Table 1. Comparison of demographic information of participants between the two zoos using Chi square tests (χ2).
Principal Component Analyses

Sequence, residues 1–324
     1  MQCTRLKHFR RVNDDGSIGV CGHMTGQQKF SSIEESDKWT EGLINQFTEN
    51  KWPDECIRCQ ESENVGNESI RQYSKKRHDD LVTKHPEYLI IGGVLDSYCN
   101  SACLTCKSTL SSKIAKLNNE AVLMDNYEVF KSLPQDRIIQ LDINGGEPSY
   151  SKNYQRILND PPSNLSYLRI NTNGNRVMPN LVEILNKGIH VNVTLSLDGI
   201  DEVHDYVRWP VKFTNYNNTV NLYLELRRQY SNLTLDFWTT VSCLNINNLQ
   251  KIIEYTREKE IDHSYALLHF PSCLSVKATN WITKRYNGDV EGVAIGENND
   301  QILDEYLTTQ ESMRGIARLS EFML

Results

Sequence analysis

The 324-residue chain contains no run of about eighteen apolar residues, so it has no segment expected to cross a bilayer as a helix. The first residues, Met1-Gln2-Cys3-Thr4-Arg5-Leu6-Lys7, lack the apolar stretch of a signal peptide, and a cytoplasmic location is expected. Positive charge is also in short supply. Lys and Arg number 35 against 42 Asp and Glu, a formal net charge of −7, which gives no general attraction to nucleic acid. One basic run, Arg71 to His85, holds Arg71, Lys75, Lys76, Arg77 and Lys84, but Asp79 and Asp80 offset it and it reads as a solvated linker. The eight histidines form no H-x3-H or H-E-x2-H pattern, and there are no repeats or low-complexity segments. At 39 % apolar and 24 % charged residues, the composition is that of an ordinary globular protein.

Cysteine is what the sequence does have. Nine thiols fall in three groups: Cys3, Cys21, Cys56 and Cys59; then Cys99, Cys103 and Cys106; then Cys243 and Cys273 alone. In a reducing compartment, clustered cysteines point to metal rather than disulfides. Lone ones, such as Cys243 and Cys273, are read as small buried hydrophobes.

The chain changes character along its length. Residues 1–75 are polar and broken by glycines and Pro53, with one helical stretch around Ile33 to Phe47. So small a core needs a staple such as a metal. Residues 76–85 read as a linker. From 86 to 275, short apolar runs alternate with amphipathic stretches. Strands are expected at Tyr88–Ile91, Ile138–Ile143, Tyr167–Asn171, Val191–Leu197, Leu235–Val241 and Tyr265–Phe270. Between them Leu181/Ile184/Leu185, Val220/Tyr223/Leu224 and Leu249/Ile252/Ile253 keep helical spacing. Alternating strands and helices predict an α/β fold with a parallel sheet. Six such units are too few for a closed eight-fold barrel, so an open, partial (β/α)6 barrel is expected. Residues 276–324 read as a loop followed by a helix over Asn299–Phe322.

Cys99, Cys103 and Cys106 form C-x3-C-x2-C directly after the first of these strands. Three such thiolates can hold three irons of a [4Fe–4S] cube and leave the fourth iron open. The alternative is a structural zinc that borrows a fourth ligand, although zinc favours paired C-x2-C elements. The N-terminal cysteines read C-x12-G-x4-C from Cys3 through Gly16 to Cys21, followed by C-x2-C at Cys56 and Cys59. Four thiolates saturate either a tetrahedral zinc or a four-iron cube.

A total of 35 attitudinal statements were subjected to PCAs with the question items, component loadings and Cronbach's α coefficients or Inter-item correlations given in Table 2. A total of 10 attitude components were extracted and found to be consistent at each zoo, with slight variation in the loadings (Table 2). Note that for Melbourne Zoo, “Positive visitor effect” and “Neutral visitor effect” components were obtained from Chiew et al. (2019b) while the remaining extracted attitudes components were obtained from new PCAs conducted in the present study to ensure consistency with the question items that loaded on the extracted components at Taronga Zoo. The labeling of the resulting components were similar to those found in Chiew et al. (2019b) (Table 2). Six individual question items including whether visitors thought little penguins are aggressive, timid, or cute and how visitors rated the welfare of the little penguins, the penguin enclosure and visitor experience at the enclosure were analyzed separately and not subjected to PCAs. This was because these items either, did not reliably measure the same underlying construct when subjected to PCA or used a different rating scale to the attitudinal statements (Table 3). These items were subjectively labeled as “Perceived Aggressiveness,” “Perceived Timidness,” “Perceived Cuteness,” “Welfare of the little penguins,” “Little penguin enclosure,” and “Visitor experience at the penguin enclosure” (Table 3).